The Content Strategy Conversation

Kristina Halvorson has written a very thought provoking article called The Discipline of Content Strategy over on A List Apart. The reader comments after the article are equally interesting and engaging, so I’d call it a smashing success! I agree with those that say that the discussion of this discipline is in roughly the same place that the discussion of IA was about 10-15 years ago, and I’m so happy to see people actively taking part in advancing the conversation. Halvorson makes several really good points, but there remains a need to connect the dots. This is not a criticism of the article, I think it’s just where the discipline is at this point in time. Continue reading “The Content Strategy Conversation”

Open Science, Open World

I was recently browsing a British blog called Science in the open, by Cameron Neylon, which is described as “An openwetware blog on the challenges of open and connected science.” I wasn’t sure how relevant this would be to me, but I quickly discovered that many of the openness issues facing the scientific community are similar to (or deeply related to) issues in the rest of the world of information. Continue reading “Open Science, Open World”

Floating in the Information Stream

I read this article with great interest: Is Online Noise Really Bad for You? (from RWW). It’s actually a reprint (with updates) of a previous article, but I had missed it the first time. I’ve written about information glut before, and I regularly struggle with impending overload, but this article reminded me of a different perspective, equally important

This is the paragraph that made me sit up and take notice:

“The ability to recall passively collected information that was gathered purposelessly in the past and put it to use in the future is a particularly powerful form of intelligence. A person with a substantial reservoir of generally relevant information is a great person to have on any team.”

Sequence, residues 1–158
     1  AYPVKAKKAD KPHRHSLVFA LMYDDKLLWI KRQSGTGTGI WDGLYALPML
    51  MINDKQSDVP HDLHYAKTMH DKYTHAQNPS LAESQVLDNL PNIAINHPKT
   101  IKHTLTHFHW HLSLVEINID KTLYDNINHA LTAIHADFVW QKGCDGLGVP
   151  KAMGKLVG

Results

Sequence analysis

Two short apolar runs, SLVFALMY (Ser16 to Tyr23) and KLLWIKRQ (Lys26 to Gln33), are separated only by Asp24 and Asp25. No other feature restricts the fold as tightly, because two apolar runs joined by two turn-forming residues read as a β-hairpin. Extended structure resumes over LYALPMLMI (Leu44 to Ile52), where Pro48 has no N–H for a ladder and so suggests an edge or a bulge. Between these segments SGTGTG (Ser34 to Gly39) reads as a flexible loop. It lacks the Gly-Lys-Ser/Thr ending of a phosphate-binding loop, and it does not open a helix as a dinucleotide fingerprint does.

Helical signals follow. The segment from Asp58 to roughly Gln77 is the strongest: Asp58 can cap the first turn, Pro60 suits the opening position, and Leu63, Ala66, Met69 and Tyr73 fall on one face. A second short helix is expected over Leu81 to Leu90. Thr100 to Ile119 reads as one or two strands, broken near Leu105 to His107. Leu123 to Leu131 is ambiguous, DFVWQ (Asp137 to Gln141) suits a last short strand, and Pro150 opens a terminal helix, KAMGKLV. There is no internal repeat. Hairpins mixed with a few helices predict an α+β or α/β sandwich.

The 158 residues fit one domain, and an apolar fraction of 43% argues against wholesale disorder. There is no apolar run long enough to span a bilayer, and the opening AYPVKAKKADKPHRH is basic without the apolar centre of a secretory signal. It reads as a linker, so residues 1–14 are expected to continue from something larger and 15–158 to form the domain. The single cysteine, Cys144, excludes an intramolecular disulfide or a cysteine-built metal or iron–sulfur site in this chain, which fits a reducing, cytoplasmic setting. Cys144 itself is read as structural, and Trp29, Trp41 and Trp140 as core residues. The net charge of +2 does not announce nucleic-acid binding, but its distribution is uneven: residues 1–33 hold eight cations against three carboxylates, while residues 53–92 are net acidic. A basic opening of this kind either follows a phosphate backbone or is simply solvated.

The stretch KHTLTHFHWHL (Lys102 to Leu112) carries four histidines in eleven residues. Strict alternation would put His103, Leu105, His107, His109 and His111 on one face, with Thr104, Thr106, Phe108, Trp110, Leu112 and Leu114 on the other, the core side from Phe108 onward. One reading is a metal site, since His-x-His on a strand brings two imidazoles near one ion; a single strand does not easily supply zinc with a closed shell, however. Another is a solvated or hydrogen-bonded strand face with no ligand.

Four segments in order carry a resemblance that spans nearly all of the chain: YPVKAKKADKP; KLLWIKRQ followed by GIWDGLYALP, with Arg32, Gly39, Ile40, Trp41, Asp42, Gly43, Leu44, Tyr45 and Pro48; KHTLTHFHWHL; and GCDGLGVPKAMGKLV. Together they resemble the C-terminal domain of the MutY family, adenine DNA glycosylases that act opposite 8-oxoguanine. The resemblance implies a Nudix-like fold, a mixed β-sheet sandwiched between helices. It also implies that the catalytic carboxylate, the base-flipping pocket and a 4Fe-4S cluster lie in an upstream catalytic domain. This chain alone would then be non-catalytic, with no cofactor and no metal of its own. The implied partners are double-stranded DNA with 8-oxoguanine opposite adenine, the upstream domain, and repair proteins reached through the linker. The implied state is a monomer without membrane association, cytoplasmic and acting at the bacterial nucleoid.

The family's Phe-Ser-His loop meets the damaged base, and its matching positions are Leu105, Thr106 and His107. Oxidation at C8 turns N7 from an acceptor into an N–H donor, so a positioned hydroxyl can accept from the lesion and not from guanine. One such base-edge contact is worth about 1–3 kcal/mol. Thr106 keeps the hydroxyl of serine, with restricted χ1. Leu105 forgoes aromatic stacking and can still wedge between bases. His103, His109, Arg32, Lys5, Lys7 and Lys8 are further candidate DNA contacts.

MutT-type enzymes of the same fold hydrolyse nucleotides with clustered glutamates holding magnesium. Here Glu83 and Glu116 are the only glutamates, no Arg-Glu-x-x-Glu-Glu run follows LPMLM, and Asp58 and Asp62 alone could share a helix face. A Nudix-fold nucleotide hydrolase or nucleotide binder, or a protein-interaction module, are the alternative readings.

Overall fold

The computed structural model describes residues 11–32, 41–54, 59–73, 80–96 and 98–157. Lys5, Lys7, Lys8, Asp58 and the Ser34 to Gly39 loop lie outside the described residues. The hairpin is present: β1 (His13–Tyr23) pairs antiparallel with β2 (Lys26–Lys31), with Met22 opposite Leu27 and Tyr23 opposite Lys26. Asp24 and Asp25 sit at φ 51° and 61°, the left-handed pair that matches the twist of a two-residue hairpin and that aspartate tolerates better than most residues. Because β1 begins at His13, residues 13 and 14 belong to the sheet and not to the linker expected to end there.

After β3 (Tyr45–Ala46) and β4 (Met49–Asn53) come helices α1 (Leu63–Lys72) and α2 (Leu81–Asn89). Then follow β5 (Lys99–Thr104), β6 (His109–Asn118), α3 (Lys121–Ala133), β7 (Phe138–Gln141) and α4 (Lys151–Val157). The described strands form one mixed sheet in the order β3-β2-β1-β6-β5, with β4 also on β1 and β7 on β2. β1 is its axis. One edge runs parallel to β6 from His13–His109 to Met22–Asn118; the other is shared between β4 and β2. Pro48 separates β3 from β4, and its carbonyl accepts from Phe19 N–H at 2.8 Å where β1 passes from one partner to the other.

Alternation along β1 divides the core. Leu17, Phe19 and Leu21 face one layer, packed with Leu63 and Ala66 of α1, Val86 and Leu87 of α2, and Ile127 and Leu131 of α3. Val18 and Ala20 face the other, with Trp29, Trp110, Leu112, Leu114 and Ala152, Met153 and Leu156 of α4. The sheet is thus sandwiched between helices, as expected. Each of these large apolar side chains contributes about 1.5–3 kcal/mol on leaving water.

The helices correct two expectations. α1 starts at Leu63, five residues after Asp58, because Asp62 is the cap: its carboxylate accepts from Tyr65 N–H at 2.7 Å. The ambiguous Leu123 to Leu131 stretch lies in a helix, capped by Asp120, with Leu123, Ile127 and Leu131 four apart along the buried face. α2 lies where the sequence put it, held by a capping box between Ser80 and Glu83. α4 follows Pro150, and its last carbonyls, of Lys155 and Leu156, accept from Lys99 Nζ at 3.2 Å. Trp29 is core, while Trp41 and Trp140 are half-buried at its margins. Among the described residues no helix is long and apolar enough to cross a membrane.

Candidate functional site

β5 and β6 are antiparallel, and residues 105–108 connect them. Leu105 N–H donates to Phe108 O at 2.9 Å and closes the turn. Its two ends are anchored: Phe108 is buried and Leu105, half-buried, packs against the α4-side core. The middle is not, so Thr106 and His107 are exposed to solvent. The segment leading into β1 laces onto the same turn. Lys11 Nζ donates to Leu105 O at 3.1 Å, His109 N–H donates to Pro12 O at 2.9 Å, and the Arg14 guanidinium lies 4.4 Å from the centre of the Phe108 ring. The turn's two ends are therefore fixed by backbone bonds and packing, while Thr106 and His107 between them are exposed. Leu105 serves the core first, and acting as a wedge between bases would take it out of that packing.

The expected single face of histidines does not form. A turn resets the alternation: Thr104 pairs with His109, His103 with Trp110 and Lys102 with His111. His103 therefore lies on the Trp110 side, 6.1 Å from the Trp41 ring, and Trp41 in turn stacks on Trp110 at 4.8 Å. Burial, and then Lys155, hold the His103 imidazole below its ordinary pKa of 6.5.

Because, in fact, I’ve known for a while that one of the ways I approach problem solving (if it can really be called an approach) is by somehow synthesizing ambient knowledge. The reason I’m hesitant to call this “an approach” is that you really can’t predict or control the process, but by this method I have, over the years, spontaneously solved a number of problems that I really had no business solving. Continue reading “Floating in the Information Stream”

FEED: The Razorfish Consumer Experience Report 2008

Yes, I’ve been neglecting this blog, but it doesn’t mean I haven’t been productive. My employer (which has changed it’s name back to Razorfish) has published another book, which contains an article by me about semantic web and user-generated data. You can see the whole, beautifully designed document online. My article is on page 60. Congratulations to my colleagues who also contributed to the book.

Paraflows 2008

Right now I’m in Vienna for a digital art and culture festival called Paraflows. It’s been organized by several different art groups. I will be speaking on Thursday evening, as part of a week-long event called MetaSpace in DiscourseLab. I’ve met lots of interesting people here, already, and the art scene in Vienna is amazing. 

I happened through Vienna for a weekend when I was studying in Prague for my last semester in college. This was in the early 90s, and I remember stubming across a series of video installations in the U-Bahn stations. This was so incredible to me – that a city would do so much to provide very progressive public art. It seems that the tradition has continued and grown, as the Austrian government is very dedicated to supporting new and innovative areas of art, technology, and culture. 

I’ll write more about the conference, after it gets fully underway.

The Internet: Now With EVERYTHING